The thesis that entities exist in, at, or in relation to logically possible worlds is criticized. The suggestion that actually nonexistent fictional characters might nevertheless exist in nonactual merely logically possible worlds runs afoul of the most general transworld identity requirements. An influential philosophical argument for the concept of world-relativized existence is examined in Alvin Plantinga’s formal development and explanation of modal semantic relations. Despite proposing an attractive unified semantics of alethic modality, Plantinga’s argument is rejected on formal grounds as supporting materially false actual existence assertions in the case of actually nonexistent objects in the framework of Plantinga’s own underlying classical predicate-quantificational logic.
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I do not further define the concept, but the idea of relevant predicational completeness or incompleteness is suggested in a negative way by the example that it is not a relevant predicational incompleteness on the part of Sherlock Holmes, who is supposed to be a human being, to be neither prime nor non-prime, neither even nor odd, just as it is not a relevant predicational incompleteness for the abstract number π to be neither blue-eyed nor non-blue-eyed.
My conclusions are largely in accord with and some my terminology and concepts are freely adopted from Kripke (1980, especially pp. 15–20, 42–53, 76–7). I am critical of Kripke’s actualism in modal semantics, but interested in tracking similar conclusions from very different assumptions.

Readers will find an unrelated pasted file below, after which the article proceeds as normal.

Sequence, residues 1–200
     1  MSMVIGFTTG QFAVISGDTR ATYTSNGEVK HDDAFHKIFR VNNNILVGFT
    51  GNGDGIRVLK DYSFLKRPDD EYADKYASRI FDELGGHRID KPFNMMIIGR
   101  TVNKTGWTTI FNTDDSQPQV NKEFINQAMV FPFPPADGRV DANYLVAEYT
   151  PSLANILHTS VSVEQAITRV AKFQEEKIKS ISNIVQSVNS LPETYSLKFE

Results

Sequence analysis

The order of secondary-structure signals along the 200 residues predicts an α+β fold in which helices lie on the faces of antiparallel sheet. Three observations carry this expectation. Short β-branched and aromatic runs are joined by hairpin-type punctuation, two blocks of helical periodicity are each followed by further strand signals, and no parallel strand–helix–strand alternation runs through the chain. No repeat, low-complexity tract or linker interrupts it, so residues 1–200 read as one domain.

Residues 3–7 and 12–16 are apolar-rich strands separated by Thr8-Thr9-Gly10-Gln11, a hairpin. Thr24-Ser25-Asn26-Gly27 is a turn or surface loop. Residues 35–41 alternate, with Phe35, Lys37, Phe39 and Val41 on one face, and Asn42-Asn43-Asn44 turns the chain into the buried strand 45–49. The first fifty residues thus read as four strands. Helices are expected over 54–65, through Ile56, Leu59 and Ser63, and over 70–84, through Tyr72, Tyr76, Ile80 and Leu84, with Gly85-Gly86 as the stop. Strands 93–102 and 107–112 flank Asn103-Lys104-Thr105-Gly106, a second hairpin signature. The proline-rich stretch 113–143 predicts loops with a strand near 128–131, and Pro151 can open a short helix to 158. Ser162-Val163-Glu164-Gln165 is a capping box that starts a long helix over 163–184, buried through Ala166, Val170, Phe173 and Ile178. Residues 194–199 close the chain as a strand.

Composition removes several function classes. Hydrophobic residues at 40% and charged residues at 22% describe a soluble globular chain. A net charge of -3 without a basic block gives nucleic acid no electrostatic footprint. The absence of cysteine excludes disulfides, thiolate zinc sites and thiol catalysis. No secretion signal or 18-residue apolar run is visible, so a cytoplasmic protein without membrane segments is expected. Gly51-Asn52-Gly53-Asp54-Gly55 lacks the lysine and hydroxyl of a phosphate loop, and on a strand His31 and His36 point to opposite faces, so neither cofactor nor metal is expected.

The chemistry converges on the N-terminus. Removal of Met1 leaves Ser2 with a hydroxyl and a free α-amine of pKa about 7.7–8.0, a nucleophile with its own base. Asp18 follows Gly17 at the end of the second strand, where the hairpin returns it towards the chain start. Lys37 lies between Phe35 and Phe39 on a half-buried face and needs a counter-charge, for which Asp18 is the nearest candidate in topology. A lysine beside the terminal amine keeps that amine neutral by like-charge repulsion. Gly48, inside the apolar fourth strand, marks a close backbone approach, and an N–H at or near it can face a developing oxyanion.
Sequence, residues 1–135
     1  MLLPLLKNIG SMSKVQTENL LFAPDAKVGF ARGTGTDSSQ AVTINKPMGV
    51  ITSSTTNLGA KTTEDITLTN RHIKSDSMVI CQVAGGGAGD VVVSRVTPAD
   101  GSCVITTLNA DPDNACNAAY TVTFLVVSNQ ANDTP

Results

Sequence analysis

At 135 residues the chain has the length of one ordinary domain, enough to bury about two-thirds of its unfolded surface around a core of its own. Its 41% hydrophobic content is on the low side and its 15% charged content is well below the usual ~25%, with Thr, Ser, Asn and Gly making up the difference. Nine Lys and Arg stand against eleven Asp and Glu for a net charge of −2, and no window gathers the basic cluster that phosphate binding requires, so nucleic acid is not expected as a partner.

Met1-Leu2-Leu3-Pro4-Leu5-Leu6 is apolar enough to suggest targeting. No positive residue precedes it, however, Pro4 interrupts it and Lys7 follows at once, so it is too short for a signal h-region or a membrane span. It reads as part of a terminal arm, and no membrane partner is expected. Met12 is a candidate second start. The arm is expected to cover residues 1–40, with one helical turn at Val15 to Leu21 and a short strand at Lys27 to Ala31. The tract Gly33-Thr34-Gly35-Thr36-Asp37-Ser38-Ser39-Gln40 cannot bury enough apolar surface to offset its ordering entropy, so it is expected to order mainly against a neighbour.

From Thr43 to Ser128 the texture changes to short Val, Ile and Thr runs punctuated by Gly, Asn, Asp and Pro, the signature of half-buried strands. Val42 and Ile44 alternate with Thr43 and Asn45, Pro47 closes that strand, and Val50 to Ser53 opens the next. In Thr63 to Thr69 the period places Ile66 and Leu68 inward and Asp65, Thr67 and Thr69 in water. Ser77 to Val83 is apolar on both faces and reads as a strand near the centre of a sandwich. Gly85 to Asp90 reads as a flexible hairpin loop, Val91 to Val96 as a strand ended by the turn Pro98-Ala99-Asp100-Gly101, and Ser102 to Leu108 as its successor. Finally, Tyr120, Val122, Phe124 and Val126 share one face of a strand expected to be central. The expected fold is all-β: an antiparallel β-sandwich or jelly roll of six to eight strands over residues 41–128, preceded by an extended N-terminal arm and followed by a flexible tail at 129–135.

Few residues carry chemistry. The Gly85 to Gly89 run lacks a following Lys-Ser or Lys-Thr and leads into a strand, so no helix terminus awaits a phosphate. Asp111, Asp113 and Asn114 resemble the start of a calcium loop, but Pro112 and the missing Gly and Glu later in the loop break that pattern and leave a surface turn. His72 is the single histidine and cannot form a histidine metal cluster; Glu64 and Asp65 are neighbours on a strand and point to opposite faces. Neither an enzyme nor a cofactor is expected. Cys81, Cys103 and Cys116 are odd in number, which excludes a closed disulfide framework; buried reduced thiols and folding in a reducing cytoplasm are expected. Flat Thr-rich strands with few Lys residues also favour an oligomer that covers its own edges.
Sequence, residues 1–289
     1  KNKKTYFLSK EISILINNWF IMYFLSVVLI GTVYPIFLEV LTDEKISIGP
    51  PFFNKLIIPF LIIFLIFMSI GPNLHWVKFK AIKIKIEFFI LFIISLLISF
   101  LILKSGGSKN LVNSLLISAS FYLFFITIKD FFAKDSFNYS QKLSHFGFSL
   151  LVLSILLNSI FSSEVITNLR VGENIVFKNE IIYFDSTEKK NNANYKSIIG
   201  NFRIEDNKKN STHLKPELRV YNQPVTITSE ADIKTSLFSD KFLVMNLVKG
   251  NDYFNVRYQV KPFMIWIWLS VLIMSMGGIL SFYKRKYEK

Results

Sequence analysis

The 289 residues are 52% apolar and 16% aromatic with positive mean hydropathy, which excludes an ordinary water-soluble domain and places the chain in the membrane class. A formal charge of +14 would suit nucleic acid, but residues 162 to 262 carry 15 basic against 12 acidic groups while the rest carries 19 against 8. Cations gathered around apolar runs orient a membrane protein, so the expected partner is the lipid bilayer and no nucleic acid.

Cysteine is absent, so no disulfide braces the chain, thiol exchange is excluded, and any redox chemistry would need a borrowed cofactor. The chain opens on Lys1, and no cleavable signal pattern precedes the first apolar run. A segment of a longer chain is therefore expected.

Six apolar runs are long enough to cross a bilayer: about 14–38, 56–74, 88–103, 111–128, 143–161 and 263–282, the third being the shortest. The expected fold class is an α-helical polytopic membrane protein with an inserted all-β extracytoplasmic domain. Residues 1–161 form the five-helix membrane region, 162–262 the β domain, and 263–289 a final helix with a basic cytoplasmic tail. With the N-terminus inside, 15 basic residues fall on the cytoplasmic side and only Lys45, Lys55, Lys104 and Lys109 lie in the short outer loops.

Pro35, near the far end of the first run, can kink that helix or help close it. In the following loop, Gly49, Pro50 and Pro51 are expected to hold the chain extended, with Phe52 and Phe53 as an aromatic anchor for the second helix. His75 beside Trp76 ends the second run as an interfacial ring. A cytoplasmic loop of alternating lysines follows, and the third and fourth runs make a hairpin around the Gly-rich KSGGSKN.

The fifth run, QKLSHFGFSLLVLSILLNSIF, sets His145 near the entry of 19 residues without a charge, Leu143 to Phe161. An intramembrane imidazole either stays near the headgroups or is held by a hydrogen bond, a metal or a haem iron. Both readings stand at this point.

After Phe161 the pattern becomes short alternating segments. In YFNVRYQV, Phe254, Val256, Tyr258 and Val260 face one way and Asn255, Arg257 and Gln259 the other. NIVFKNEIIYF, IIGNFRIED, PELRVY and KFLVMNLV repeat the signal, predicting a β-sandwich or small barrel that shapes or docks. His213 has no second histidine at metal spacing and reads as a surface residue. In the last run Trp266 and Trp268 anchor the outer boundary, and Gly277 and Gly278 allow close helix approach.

David Hume, An Enquiry Concerning Human Understanding in Hume (1975, 47): “[Imagination] can feign a train of events, with all the appearance of reality, ascribe to them a particular time and place, conceive them as existent, and paint them out to itself with every circumstance, that belongs to any historical fact, which it believes with the greatest certainty. Wherein, therefore, consists the difference between such a fiction and belief?” See also Hume’s remarks, pp. 48–50.
Plantinga (1974, 46). Plantinga’s world-relativized existence-at-a-world modal semantics is the polar opposite of Kripke’s modal actualism.
I further discuss the metaphysics of possible worlds semantics in Jacquette (2005), special issue on “Aperçus philosophiques en logique et en mathématiques”, edited by Gerhard Heinzmann and Manuel Rebuschi, pp. 239-58. Jacquette (2006, 49–63). Jacquette, “Propositions, Sets, and Worlds”, Studia Logica: An International Journal for Symbolic Logic, special double issue “Ways of Worlds” on 40 Years of Possible Worlds Semantics, Vol. 1: On Possible Worlds and Related Notions, edited by Vincent F. Hendricks and Stig Andur Pedersen, 82, 2006, pp. 337–343. See also Jacquette and Imaguire (2010); especially, “Introduction: Logical Possibilities and the Concept of a Logically Possible World”, pp. 15–22.
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